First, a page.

A majority of corporate office settings utilize the cubicle work station set-up. However, some individuals find cubicles reduce their ability concentrate and be productive. If you are one of these people there are certain steps you can take to feel less confined and become more productive. This article will share suggestions on how to cope with working in a cubicle.
Steps you can take
There are several steps that can be taken to cope with the stresses of working in a cubicle. Each of those suggestions has been divided up into three separate groups: blocking out distractions, making strategic decisions and speaking with management.
1. Block Out the Distractions
One of the first steps you can take to deal with working in a cubicle amongst distractions is to learn ways to block out the various disturbances. In an office environment that has cubicles for work stations, there are many interruptions and commotions that occur which can distract you from your daily tasks. You have to deal with the noise from coworkers’ phone calls, conversations and other disturbances.
- Listen to Nature Sounds – If permitted in the workplace, you can listen to music which helps you get through the day. However, music can sometimes be distracting to you or to others around you. Listening to nature sounds could be a better option for you to keep you relaxed and more focused on work and less distracted. You can download nature sounds for free at this website.
- Wear earplugs – You can wear earplugs which will aid in blocking out noisy distractions. However, wearing earplugs will not completely drown out all of the noise that you hear around you. I work from home with a schedule that varies each day. My husband works a split shift in the early morning and late afternoon and is home several hours mid-day. If he’s watching TV or listening to the radio, I need to wear earplugs, but I also wear my headphones to assist in blocking out more noise.
- Wear headphones – This option obviously won’t work for an employee in a call center or customer service department since he or she would be on the phone a good majority of the day. However, if you aren’t tasked to be on the phone—wearing headphones and listening to music you enjoy—can keep you on track with work, drown out distractions and prevent busybodies from interrupting you with chatter. When you wear headphones, you are symbolically sending out a message that you don’t want to be interrupted. If you want to work in silence and block out all other sounds of a busy work environment, you can invest in noise canceling headphones. This option is a bit more costly, but may be good for you if your work environment is highly distracting. PCmag.com has a listing of the best noise canceling headphones.
2. Make Strategic Decisions
These next few suggestions only apply if you have any control over your specific work station. Depending on the leniency of management, you may have to discuss these options with your manager or the HR Dept.
- Control seating – You may have the option to make changes to the seating arrangements and move to a quieter section of the office. Be strategic in your decision. For example, if you have a cubicle near the copier, break room, water cooler or coffee station, you are in a high traffic area and will experience many distractions. Another high traffic area would be having a cubicle near the entrance of the office. If you are easily distracted, controlling your seating arrangement can be a viable option.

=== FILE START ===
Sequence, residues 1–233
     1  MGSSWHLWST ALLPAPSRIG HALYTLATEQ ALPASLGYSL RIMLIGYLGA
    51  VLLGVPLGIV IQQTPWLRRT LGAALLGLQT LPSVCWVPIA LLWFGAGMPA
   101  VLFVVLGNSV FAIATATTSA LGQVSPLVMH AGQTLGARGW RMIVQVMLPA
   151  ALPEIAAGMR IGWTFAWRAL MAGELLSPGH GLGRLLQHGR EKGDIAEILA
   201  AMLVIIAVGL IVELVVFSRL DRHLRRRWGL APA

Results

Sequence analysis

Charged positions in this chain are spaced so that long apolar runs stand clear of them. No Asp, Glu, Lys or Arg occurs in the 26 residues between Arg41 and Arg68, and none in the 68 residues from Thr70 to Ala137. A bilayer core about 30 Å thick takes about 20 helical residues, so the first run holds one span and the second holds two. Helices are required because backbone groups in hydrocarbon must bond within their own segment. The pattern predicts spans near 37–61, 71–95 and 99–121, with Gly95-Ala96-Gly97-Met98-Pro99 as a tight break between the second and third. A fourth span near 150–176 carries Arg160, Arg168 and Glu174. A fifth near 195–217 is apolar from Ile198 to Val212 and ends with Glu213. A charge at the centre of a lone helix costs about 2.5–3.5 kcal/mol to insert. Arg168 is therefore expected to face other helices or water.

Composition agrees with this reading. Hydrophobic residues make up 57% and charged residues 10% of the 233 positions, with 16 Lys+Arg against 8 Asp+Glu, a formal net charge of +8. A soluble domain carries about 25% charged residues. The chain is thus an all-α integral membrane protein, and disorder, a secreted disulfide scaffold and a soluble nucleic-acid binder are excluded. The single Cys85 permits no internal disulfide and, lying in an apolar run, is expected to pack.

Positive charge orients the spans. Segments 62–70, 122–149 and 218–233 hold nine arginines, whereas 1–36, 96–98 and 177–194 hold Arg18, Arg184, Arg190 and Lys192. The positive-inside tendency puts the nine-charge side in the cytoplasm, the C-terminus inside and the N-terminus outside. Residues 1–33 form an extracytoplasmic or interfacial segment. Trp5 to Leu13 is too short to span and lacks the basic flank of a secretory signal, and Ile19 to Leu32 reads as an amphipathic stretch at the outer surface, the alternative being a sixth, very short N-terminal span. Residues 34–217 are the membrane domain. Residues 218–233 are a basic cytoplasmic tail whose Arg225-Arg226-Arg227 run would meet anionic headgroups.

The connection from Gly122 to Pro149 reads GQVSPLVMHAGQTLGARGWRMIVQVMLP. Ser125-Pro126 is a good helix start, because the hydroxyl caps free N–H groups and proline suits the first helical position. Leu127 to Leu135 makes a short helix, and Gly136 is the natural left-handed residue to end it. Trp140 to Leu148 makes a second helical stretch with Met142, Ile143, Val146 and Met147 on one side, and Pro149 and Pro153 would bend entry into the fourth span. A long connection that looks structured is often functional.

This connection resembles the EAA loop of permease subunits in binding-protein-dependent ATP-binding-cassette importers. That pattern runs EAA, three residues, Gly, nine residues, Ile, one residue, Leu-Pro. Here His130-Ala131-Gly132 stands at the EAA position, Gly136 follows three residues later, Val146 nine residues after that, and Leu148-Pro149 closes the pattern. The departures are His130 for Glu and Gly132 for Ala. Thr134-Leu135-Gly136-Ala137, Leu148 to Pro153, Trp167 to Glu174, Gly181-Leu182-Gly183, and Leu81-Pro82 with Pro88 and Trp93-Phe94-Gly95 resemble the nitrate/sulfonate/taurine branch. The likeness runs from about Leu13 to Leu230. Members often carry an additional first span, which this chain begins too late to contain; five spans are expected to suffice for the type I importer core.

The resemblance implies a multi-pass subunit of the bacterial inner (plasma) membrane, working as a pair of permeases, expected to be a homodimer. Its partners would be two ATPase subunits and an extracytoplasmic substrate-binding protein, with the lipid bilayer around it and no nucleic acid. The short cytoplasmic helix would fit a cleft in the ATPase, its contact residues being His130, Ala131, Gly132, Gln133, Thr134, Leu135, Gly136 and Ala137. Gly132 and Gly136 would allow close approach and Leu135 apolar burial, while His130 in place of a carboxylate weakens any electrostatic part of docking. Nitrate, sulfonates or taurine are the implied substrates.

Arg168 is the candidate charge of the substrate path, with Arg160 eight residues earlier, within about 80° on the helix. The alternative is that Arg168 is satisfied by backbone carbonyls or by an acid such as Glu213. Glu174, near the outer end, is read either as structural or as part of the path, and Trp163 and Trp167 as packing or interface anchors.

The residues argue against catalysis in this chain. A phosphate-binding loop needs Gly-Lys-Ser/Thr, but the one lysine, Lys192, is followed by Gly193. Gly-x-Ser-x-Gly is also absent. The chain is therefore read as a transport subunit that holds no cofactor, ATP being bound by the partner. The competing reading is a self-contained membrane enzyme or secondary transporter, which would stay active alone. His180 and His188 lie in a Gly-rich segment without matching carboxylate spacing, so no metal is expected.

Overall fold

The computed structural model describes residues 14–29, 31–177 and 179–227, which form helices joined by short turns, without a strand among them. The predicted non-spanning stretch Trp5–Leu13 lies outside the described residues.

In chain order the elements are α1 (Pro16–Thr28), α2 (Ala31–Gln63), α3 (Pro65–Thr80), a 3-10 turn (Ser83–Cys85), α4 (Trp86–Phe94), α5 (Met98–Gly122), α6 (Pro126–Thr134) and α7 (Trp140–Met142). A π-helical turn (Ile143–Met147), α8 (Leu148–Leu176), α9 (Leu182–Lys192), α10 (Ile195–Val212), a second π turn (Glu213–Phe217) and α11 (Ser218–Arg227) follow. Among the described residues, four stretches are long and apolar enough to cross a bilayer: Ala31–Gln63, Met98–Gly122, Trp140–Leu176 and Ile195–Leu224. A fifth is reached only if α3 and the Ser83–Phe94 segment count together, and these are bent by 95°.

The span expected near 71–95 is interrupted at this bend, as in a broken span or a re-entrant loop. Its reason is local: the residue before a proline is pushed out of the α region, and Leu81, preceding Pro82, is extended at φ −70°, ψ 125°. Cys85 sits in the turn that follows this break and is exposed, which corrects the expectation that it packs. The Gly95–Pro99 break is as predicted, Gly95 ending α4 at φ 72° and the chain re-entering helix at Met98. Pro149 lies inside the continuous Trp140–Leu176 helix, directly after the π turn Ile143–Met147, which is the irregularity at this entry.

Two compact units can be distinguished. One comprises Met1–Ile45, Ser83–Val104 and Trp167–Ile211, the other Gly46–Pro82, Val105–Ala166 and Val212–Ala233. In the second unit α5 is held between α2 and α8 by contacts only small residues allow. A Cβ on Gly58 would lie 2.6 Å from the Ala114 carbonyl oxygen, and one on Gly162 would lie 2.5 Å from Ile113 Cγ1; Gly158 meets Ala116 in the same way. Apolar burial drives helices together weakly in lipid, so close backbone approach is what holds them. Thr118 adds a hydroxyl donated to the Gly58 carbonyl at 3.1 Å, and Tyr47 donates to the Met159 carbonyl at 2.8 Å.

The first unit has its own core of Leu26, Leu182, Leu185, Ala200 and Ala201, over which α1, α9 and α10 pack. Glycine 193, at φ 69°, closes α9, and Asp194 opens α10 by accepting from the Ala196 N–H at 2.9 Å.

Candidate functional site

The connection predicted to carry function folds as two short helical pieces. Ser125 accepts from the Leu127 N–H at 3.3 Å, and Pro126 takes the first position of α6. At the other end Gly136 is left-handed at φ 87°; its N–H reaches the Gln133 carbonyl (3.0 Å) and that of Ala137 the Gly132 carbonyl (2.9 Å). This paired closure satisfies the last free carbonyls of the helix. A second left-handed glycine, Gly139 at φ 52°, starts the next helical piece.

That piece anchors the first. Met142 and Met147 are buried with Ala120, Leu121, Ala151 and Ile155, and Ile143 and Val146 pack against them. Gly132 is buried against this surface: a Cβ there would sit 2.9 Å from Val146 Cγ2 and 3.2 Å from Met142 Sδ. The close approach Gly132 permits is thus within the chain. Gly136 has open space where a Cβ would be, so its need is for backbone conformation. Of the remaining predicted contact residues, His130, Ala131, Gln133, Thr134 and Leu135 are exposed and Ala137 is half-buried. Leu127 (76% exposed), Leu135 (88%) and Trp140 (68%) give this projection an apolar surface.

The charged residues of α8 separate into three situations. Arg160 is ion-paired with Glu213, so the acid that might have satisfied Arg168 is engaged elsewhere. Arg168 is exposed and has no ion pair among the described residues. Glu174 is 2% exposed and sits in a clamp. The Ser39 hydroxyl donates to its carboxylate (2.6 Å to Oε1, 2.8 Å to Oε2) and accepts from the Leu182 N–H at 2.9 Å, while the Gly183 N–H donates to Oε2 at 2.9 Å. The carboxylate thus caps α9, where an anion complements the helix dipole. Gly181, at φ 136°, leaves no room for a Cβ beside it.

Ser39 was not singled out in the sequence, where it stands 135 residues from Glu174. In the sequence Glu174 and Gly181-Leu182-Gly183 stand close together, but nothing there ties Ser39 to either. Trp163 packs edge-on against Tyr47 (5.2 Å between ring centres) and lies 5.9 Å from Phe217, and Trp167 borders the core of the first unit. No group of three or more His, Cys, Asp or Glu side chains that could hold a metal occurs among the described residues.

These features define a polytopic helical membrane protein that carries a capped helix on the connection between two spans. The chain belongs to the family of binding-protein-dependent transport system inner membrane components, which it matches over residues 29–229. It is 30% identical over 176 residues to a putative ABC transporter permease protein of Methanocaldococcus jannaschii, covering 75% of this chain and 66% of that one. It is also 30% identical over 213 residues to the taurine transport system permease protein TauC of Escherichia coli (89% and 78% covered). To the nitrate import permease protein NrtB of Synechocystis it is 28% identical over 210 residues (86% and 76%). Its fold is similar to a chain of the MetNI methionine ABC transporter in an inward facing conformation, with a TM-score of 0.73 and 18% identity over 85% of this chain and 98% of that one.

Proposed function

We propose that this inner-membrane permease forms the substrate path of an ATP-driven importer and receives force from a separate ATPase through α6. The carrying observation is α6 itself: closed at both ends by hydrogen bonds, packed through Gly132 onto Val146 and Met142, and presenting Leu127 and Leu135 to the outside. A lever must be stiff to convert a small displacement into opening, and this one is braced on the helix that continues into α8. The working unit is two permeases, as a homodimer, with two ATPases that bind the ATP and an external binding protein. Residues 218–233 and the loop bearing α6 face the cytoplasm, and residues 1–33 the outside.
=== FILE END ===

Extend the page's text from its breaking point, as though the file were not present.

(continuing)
- Control work hours – Some companies are more lenient with when employees work. However, if you cannot control your specific work hours, make an effort to think strategically. For example, pace yourself and the tasks you need to complete each day. For work that takes extreme concentration, start earlier in the morning or work during the peak lunch noon hour when a majority of your coworkers are on break. Learn how to use time blocking techniques to become more productive while working in a distracting work environment.
- Control work environment – Similar to the issue of working hours, some companies are lenient with the work environment. For example, you can check with management’s policies regarding working from home exclusively or one to two days each week. Remember that this option may not be viable for every work situation. According to WorkAwesome.com, Mondays and Fridays are generally quieter days since many individuals opt to take off on either day for a longer weekend. The three mid-week days are usually the busiest in the office, so you can ask to work from home on one of those days. In a recent USNews.com article, Vicki Salemi discusses how to ask your boss if you can telecommute.
3. Speak with Management
Regardless of the option you decide to utilize, it is important to ascertain the current workplace policy pertaining to your plan to stay distraction-free. It is also important that you do not keep your frustrations to yourself. Seek out the counsel of your manager or speak to someone in the HR Dept. who can assist you in your options. If you don’t ask, you don’t receive. Do not automatically assume that your manager won’t care about your concerns. Remember that your manager’s job is to oversee the work activity of the employees. Creating a viable and distraction-free work environment would be in your manager’s best interest as well.
Coping with working in a cubicle work station is possible if you evaluate the situation and figure out the best option to help you become distraction-free. Ascertain the most effective way to block out distractions. Learn how to make the right strategic decisions for your current work environment. And always remember not to be afraid to discuss this issue with your manager. If you follow these tips you may just save your sanity while working in a cubicle.